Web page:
This creative logo incorporates 25 different icons, each representing another aspect of Unilever’s efforts to spread sustainable living across the globe. The designers believe the logo represents the brand’s commitment to sustainability.

The most practical use of proximity in design is establishing visual hierarchy.

Grouping copy together and using white space to show separation between groups helps readers or viewers organize critical information on communication materials such as posters, brochures, and websites.

Regarding contiguous and overlapping objects, our brain seems to prioritize their function to be even more relevant than other objects. An example of this is the logo of Darien Library.

Darien Library logo

The designers used the motion of flipping the pages of a book as inspiration (this is a library, after all).

Furthermore, transparent color tints are also used to illustrate a wave, leaves, or a bird’s wing, all of which suggest movement and ascent.

The most practical use of proximity in design is establishing visual hierarchy. People can use white space to organize critical information on communication materials such as posters, brochures, and websites.

The principle of common fate (a.k.a. synchrony)

The most apparent Gestalt principle, synchrony (also known as “common fate”), dictates that elements moving in the same direction are perceived as more related than those moving in different directions.

Regardless of their placement or dissimilarity, elements moving in the same direction are perceived as related.

Common fate often implies motion, which is helpful for designers who emphasize strokes.

How to apply this principle in design:

To illustrate the principle of common fate, let’s look at the AT&T logo.

AT&T logo

The most recognizable AT&T logo has its roots in the 1982 redesign by the renowned graphic design legend Saul Bass. This concept features a solid blue 3D image of a sphere with several white horizontal stripes in a swishing pattern running across it.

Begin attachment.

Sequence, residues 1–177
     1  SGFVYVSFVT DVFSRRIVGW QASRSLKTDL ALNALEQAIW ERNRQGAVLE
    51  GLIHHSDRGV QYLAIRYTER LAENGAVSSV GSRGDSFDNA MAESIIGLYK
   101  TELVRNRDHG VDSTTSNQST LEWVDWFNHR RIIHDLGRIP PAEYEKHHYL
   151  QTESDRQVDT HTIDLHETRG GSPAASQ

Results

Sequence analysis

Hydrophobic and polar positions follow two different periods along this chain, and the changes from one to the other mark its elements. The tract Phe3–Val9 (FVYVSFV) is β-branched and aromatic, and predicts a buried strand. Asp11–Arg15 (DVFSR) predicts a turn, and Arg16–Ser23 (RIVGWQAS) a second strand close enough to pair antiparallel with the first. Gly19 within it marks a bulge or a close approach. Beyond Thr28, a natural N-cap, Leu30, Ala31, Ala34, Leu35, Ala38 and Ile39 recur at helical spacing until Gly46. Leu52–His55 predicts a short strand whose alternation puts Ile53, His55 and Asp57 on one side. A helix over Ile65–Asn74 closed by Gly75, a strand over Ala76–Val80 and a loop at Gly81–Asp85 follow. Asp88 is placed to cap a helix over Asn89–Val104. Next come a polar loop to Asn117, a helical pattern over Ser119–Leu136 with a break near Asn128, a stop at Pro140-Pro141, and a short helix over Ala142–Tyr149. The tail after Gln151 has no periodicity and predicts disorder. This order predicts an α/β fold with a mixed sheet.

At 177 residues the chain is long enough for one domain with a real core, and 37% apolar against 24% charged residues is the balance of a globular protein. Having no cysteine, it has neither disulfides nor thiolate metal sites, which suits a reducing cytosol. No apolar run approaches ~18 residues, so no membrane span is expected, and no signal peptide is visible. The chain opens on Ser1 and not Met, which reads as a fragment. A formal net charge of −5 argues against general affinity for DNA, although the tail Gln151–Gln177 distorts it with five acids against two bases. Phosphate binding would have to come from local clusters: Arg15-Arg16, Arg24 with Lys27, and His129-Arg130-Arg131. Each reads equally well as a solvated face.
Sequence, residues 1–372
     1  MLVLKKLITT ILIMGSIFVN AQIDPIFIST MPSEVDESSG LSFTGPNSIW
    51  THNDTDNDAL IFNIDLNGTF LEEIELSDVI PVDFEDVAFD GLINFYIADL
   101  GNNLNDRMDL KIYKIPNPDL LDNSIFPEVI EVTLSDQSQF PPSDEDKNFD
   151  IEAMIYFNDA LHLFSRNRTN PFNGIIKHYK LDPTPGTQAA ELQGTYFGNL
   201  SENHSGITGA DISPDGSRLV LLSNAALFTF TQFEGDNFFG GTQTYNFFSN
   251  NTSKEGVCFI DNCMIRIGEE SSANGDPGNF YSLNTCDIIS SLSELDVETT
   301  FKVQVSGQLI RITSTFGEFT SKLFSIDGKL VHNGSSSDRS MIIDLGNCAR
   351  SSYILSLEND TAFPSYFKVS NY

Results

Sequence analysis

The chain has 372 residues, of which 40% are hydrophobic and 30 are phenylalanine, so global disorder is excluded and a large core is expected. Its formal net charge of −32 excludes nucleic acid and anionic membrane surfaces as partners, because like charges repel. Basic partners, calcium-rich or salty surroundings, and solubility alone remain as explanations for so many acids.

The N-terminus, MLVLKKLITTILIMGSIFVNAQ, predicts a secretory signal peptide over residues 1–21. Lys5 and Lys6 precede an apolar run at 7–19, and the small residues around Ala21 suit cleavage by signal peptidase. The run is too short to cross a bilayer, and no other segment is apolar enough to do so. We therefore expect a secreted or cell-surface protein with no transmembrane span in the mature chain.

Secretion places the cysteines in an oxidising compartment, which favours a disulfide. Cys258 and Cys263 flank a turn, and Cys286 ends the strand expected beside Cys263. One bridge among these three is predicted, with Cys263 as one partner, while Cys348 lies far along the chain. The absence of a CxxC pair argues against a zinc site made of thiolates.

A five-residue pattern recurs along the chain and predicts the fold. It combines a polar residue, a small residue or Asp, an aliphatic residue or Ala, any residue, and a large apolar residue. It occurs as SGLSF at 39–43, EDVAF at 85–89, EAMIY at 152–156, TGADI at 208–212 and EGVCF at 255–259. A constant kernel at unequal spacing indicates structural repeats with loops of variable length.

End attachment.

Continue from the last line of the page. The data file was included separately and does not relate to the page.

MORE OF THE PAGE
AT&T’s logo accurately represents the breadth and scale of the telecommunications leader. The sphere signifies the brand’s global ambitions. The lines represent the wires that connect the organization to the whole planet.

The principle of continuity

The concept of wholeness plays a part in how our brains follow logical directions in visual forms, even when not on a page or design.

Continuity refers to the assumption that elements arranged in a line or curve will continue beyond their defined endpoints. In other words, once our eyes are trained to follow a line or curve, we believe the line will continue in the same direction until it encounters another object.

How to apply this principle in design:

When you understand how the eye will follow and connect separate lines and strokes, you will also be able to maintain the desired cohesiveness of an image or a design.

crowdspring logo

Look at the crowdspring logo as an example of this principle at work. Because the lines in the letters “C” and “S” are flowing, the eye is drawn to keep looking in the left-to-right direction.

The continuity principle can also apply where a line cuts through an object, aligns perfectly with a secondary element and can point towards another element in the composition.

Our eyes follow a line naturally; when we see an object, we are automatically compelled to move through another object.

This is evident in the PlayStation logo.

Sony Playstation logo

It appears (despite being divided into three parts) as two interconnected letters lying side by side on two vertical and horizontal planes.

The mind’s ability to connect these two is crucial to the success of this logo.

The principle of closure

The human brain is wired to perceive objects as complete regardless of their incompleteness. This is the assumption that the principle of closure is based on.

According to this principle, a partial outline conveys the same message as a complete one.

Despite the absence of parts, the brain will try to match it to a known object as long as the design provides enough information so that viewers can “fill in the blanks.”

Closure could be referred to as the glue that binds elements together. As humans, we are prone to finding and seeking patterns.

The key to achieving perfect closure is to provide enough information to allow the eye to fill in the remaining details. If too much information is given, the need for closure is suppressed.

In contrast, if too little information is given, the eye perceives the elements as separate parts rather than an integrated whole.

In many ways, closure is inextricably related to the concept of reification.

Reification refers to concretizing something, bringing it into being, or making it real. Our brains can construct more information than is present to concur with logic, which is a constructive principle regarding our perception.